One set of program details conspicuously absent from the Obama Administration’s proposed 2011 budget released this week was for Impact Aid, the federal Department of Education’s funding mechanism to public schools serving children from military families. The new budget merely noted that the program would be addressed in forthcoming legislation to reauthorize the Elementary and Secondary Education Act, omitting even budget estimates.
Impact Aid dollars go straight from Washington to school districts’ general funds. They carry few restrictions on their use, and no accountability requirements or measures of effectiveness. The program was created in 1950 to compensate communities for the lack of local tax revenue generated by large federal installations. It does not include Department of Defense schools that currently serve some 100,000 military families overseas and in 7 states, plus Guam and Puerto Rico.
The potential reform of Impact Aid represents an important opportunity to help the 930,000 school-aged children of active-duty military personnel. Of these, 75 percent are age 11 or younger. Senior military leaders have identified school quality, and the frequent shortage of high-quality public schools near many military bases, as a major factor in many families’ reenlistment decisions. High mobility rates place their children at an educational disadvantage.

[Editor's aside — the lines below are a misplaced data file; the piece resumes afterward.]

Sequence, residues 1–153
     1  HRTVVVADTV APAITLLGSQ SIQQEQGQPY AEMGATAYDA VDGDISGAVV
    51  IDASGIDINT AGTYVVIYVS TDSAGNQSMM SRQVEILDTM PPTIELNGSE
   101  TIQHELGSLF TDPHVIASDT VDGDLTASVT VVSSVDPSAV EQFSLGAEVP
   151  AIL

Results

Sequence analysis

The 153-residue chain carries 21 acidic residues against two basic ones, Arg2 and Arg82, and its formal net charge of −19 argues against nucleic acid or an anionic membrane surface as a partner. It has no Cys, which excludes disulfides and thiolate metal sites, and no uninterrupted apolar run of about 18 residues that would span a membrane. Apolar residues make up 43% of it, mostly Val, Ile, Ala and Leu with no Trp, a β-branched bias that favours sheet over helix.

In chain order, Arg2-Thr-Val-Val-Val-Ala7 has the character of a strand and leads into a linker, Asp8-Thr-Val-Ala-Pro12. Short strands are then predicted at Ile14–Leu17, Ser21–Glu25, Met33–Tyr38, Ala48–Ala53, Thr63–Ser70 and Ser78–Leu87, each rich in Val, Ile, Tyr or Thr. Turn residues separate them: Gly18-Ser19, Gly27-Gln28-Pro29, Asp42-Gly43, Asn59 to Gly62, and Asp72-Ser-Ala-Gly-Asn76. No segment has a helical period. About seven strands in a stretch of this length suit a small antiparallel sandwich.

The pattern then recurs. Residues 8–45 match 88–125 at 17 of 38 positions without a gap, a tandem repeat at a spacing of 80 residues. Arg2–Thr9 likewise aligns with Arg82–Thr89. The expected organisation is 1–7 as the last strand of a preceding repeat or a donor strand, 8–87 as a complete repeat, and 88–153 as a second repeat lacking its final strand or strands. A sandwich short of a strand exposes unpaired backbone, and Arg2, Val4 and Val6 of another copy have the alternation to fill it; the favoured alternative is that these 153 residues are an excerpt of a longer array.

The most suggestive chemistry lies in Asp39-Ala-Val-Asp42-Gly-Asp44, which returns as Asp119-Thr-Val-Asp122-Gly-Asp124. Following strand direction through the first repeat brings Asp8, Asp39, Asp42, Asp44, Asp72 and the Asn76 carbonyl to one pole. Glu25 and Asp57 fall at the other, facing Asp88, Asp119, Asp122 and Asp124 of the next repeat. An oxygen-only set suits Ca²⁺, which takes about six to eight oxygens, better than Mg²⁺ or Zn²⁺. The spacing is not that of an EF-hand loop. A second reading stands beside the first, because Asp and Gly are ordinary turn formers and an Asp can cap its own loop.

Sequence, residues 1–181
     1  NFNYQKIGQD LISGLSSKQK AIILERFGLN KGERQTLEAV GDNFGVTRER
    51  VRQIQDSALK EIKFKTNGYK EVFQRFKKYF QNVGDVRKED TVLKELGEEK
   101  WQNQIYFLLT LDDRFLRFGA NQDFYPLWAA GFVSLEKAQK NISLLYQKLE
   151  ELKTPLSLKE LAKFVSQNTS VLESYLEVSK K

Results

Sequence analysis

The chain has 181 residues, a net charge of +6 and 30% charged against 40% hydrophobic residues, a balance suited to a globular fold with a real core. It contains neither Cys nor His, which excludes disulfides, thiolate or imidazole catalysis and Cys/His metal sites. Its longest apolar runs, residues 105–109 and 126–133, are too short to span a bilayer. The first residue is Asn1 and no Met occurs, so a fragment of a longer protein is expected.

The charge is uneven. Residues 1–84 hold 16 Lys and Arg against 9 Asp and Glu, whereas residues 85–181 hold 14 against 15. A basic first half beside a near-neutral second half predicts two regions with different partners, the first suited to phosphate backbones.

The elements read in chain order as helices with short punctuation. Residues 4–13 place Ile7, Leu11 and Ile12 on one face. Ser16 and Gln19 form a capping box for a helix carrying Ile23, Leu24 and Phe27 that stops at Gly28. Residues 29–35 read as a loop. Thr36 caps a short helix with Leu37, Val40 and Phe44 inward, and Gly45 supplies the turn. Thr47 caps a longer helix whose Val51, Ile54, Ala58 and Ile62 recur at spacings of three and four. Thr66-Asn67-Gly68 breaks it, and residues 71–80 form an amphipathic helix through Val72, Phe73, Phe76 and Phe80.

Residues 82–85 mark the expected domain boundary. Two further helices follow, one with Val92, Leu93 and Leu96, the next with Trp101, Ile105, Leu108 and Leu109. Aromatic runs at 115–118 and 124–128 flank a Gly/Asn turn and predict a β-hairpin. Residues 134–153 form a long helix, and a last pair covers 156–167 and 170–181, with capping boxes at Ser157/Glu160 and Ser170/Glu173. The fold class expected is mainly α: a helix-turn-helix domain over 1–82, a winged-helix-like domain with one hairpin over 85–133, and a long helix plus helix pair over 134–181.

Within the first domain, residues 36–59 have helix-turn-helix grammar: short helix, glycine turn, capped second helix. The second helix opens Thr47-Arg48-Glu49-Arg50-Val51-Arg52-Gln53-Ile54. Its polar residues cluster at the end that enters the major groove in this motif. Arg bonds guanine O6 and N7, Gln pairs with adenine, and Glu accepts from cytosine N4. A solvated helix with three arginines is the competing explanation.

This is especially true for families of children with disabilities. The process-heavy structure of the federal Individuals with Disabilities Education Act, on top of differing state regulations and procedures, makes it especially difficult for military families to ensure that their children receive a high-quality education. Many facilities, particularly Marine Corps and Army bases, offer such families some resources, and community support groups and online listservs provide additional help. But the institutional challenges of navigating special education procedures for families frequently on the move make the need for more, quality choices especially important.
A growing movement of high-performing charter schools represents one promising option. The military currently operates one charter school, Belle Chasse Academy outside New Orleans. Virtual schools, like the Florida Virtual School, which serves students across that state and 44 others, could also provide valuable options for families with help from state and federal policymakers.
But high-quality charters take time to implement. A federal scholarship program could add new choices for families living on or near military bases that choose to participate. Scholarships could cover the costs of attending private elementary or secondary schools, to attend public schools, public or charter, from a choice of nearby school districts, or enroll in virtual schooling. A combination of these approaches would be particularly useful in Virginia, which currently has 76,000 school-aged children of active-duty military personnel, to make a major difference in the lives of many thousands of families.
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